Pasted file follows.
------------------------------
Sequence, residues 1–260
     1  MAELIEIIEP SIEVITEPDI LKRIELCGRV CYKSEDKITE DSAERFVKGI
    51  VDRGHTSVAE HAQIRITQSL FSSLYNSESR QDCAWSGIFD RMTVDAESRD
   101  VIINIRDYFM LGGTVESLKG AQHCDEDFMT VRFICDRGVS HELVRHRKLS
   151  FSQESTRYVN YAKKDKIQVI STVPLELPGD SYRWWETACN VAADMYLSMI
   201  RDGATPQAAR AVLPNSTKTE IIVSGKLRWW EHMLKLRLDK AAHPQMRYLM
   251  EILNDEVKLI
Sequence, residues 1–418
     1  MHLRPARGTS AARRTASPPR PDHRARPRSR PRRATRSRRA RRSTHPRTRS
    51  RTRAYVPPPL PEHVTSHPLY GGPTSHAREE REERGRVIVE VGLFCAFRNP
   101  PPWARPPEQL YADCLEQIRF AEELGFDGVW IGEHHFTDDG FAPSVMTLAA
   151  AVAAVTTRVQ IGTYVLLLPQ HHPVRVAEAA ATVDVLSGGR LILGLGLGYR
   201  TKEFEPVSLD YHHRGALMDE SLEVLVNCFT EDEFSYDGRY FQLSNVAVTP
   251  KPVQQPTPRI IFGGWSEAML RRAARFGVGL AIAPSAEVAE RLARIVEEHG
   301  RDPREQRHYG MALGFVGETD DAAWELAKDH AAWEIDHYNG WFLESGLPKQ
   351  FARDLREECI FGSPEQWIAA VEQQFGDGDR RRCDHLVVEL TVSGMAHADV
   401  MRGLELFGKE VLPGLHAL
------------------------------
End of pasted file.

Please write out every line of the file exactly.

Sequence, residues 1–260
     1  MAELIEIIEP SIEVITEPDI LKRIELCGRV CYKSEDKITE DSAERFVKGI
    51  VDRGHTSVAE HAQIRITQSL FSSLYNSESR QDCAWSGIFD RMTVDAESRD
   101  VIINIRDYFM LGGTVESLKG AQHCDEDFMT VRFICDRGVS HELVRHRKLS
   151  FSQESTRYVN YAKKDKIQVI STVPLELPGD SYRWWETACN VAADMYLSMI
   201  RDGATPQAAR AVLPNSTKTE IIVSGKLRWW EHMLKLRLDK AAHPQMRYLM
   251  EILNDEVKLI
Sequence, residues 1–418
     1  MHLRPARGTS AARRTASPPR PDHRARPRSR PRRATRSRRA RRSTHPRTRS
    51  RTRAYVPPPL PEHVTSHPLY GGPTSHAREE REERGRVIVE VGLFCAFRNP
   101  PPWARPPEQL YADCLEQIRF AEELGFDGVW IGEHHFTDDG FAPSVMTLAA
   151  AVAAVTTRVQ IGTYVLLLPQ HHPVRVAEAA ATVDVLSGGR LILGLGLGYR
   201  TKEFEPVSLD YHHRGALMDE SLEVLVNCFT EDEFSYDGRY FQLSNVAVTP
   251  KPVQQPTPRI IFGGWSEAML RRAARFGVGL AIAPSAEVAE RLARIVEEHG
   301  RDPREQRHYG MALGFVGETD DAAWELAKDH AAWEIDHYNG WFLESGLPKQ
   351  FARDLREECI FGSPEQWIAA VEQQFGDGDR RRCDHLVVEL TVSGMAHADV
   401  MRGLELFGKE VLPGLHAL